Infection with HIV is associated with significantly worse survival for people with hepatocellular carcinoma (HCC, the most common type of primary liver cancer), according to findings from a large international cohort study published in the Journal of Clinical Oncology. As none of the patients received treatment for HCC, the study provides important evidence of the natural history of HCC in the context of HIV.
The average survival time for people with HIV was half that observed in HIV-negative individuals. Predictors of worse survival in people with HIV included cancer stage and alpha-fetoprotein level, a key tumour marker. Significantly, no HIV-related factors, such as CD4 cell count and viral load, were associated with poorer survival, showing that people with HIV are good candidates for appropriate HCC therapy.
“We demonstrate that HIV infection adversely influences the clinical course of HCC, leading to a 24% increase in the hazard of death in patients who did not receive any active anticancer treatment,” write the authors. “A precise estimate of the relationship between HIV and survival in patients with untreated HCC is essential to gain insight into the natural history of the disease and to gather basic information on patients’ prognosis that can be used as a point of reference for future mechanistic and clinical studies.”
HCC is an increasingly important cause of death among people with HIV. This is largely due to the high prevalence of co-infection with hepatitis B virus (HBV) and/or hepatitis C virus (HCV). Whether HIV has an independent effect on the prognosis of people with HCC is uncertain. The studies that have examined this have yielded mixed results, with some showing that HIV was indeed a factor in poorer survival and others concluding that HIV has no effect on prognosis. These conflicting findings can be explained by the low quality of previous research, which usually relied on retrospective data or involved patients recruited from a single treatment centre.
Dr David Pinato of Imperial College London and colleagues wanted to establish a clearer understanding of the independent effect of HIV infection on the prognosis of individuals with HCC. They therefore designed an international cohort study involving 1588 people diagnosed with HCC, none of whom received anti-cancer therapy. Participants were diagnosed with HCC between 1992 and 2016 and received care at 44 treatment centres in the Americas, Europe, Asia and Australia.
Data were collected on infection with HIV and viral hepatitis, demographics and key factors known to affect outcomes in people with HCC. A series of analyses were undertaken to see if HIV had an effect on mortality risk, independent of other factors.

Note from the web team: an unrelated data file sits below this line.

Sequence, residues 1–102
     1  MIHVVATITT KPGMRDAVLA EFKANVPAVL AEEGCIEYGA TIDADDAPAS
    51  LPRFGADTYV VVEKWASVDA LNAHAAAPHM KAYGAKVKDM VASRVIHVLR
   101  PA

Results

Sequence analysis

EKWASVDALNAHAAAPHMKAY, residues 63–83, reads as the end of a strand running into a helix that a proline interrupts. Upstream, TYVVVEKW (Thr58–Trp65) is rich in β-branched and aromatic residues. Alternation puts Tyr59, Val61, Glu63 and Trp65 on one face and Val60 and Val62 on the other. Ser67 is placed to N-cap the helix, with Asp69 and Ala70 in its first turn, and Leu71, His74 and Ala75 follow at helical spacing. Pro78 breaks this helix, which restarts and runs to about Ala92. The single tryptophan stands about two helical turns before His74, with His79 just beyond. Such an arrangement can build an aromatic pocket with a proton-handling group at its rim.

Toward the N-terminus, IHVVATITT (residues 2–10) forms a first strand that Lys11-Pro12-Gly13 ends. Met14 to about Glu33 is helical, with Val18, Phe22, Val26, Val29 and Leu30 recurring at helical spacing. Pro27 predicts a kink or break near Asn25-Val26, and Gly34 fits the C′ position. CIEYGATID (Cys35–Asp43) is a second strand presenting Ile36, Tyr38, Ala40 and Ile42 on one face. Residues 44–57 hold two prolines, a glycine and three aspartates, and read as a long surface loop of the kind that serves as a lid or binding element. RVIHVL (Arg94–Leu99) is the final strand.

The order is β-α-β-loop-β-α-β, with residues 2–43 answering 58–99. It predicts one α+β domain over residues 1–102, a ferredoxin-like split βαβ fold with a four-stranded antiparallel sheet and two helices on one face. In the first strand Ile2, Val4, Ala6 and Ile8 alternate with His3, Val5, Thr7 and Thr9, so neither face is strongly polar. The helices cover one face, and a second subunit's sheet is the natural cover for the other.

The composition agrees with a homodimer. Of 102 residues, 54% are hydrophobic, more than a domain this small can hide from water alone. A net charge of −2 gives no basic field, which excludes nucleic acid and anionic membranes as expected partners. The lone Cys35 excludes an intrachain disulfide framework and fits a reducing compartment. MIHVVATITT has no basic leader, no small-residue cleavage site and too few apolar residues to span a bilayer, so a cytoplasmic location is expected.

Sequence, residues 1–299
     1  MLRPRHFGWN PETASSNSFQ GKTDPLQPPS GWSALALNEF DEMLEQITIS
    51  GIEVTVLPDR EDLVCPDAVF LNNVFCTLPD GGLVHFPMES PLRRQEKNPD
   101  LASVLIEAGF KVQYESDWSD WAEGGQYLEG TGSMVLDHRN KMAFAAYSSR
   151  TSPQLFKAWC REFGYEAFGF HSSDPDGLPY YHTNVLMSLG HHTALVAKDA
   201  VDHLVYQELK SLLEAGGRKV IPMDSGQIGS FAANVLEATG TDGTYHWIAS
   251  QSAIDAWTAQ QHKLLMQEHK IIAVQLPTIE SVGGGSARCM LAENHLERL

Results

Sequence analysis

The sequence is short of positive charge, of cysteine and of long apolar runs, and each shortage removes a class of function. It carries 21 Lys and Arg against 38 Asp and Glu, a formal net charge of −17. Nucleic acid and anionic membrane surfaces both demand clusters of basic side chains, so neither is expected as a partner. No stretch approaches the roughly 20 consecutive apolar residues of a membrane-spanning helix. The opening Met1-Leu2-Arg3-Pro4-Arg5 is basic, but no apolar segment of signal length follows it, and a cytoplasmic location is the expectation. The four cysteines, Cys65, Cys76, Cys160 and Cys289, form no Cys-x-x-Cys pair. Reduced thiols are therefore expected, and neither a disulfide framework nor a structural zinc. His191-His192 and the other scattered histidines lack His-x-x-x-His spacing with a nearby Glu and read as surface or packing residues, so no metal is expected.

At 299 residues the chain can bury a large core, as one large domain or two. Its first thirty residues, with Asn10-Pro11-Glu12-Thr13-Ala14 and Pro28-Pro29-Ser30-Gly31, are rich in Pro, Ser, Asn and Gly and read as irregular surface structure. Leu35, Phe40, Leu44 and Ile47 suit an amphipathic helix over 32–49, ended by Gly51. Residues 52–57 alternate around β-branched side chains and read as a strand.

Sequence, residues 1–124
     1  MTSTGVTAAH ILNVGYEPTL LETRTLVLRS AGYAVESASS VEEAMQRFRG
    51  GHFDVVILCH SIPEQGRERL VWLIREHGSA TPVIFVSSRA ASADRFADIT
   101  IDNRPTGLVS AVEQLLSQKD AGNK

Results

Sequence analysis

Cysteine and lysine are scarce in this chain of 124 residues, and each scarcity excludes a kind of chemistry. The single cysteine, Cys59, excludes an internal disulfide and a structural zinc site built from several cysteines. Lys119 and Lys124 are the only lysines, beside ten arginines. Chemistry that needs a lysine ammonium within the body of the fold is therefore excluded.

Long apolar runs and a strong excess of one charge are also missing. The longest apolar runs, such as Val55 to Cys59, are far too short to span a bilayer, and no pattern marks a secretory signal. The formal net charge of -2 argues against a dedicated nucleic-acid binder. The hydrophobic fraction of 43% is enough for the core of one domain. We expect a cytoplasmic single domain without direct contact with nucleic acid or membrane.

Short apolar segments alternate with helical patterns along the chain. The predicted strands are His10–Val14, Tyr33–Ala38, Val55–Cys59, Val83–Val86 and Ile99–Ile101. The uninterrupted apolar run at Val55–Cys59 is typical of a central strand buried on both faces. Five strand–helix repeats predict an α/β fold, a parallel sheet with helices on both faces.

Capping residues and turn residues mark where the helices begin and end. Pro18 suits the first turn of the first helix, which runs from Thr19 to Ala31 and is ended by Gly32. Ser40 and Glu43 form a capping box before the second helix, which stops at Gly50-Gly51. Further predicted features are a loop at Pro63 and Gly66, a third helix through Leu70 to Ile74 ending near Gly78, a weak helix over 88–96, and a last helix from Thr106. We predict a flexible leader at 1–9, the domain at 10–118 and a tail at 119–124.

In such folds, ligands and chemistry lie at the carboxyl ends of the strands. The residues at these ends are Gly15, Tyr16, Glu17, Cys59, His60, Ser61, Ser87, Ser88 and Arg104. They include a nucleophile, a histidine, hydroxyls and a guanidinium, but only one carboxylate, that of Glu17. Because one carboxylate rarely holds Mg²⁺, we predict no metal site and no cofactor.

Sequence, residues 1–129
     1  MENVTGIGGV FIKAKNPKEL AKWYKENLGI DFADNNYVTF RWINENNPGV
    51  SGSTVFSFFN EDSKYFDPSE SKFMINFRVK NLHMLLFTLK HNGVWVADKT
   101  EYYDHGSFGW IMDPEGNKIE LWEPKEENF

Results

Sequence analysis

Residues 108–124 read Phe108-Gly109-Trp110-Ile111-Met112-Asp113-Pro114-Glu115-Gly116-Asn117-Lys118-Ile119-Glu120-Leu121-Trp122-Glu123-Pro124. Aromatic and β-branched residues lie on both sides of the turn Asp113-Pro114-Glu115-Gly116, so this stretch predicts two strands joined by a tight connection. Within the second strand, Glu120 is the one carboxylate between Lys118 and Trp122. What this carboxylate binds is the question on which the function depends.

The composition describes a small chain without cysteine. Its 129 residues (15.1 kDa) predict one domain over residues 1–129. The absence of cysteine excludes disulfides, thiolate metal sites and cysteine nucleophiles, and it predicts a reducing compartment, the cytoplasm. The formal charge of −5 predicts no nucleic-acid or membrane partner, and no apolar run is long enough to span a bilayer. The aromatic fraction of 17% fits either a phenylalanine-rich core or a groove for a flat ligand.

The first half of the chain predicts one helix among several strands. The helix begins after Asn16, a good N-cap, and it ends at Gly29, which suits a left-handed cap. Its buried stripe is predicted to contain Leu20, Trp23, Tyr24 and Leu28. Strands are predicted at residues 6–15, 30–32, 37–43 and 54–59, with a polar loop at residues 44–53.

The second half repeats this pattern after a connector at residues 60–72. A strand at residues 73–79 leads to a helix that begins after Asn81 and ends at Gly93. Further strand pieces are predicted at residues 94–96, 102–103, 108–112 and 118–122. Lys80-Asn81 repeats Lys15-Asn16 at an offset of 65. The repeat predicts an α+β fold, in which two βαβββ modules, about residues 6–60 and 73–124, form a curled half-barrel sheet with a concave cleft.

A total of 132 patients were HIV-positive. On average, people with HIV were younger (53 vs 66 years, p < 0.001), were more likely to be male (95% vs 82%, p = 0.003) and had a higher prevalence of HCV co-infection (78% vs 37%, p < 0.001) than the HIV-negative individuals.
HCC stage using the Barcelona Clinic Liver Cancer (BCLC) and Child-Turcotte-Pugh (CTP) criteria did not differ between the HIV-positive and HIV-negative groups. However, people with HIV had lower albumin (31 vs 29g/l, p < 0.001), higher ALT (56 vs 47, p = 0.0014) and higher AST (128 vs 95, p = 0.005) levels, all markers of poorer liver function.
While 78% of people with HIV had co-infection with HCV, only three individuals received HCV therapy before the onset of HCC. In each case, this treatment was interferon-based and was unsuccessful. HBV co-infection was present in 25% of those with HIV, and 36% of these individuals had evidence of HBV replication at the time of HCC diagnosis.
At the time of liver cancer diagnosis, two-thirds of people with HIV were taking combination antiretroviral therapy (median duration, 8.3 years), half had an undetectable viral load and average CD4 cell count was 256 cells/mm3.
The median duration of survival between HCC diagnosis and death was 2.2 months for people with HIV compared to 4.1 months for HIV-negative individuals.
After taking into account other prognostic factors, infection with HIV was associated with an independent increase in mortality risk (HR = 1.24; 95% CI, 1.2-1.52, p = 0.033). Other independent risk factors included male sex, more advanced cancer stage and alpha-fetoprotein levels (AFP, a key tumour marker).
In people with HIV specifically, factors associated with poorer survival were AFP (HR = 1.18; 95% CI, 1.09-1.28, p < 0.001) and more advanced Child-Turcotte-Pugh cancer stage (C vs. A; HR = 2.78; 95% CI, 1.31-5.91, p = 0.0079).
There was no evidence of an association between survival and CD4 cell count and viral load. “We believe this finding to have important ramifications regarding the clinical management of patients with HIV-associated HCC,” comment the investigators. “Patients with HCC and well-controlled HIV should face no barriers in the provision of active anticancer treatment.”
However, the authors suggest that the poorer survival seen in people with HIV “deserves to be taken into account.” Studies are urgently needed to investigate the immunobiology of HIV-associated HCC, they conclude.
Pinato DJ et al. Influence of HIV infection on the natural history of hepatoceullar carcinoma: results from a global multicohort study. Journal of Clinical Oncology, https://doi.org/10.1200/jco.18.00885 (2018).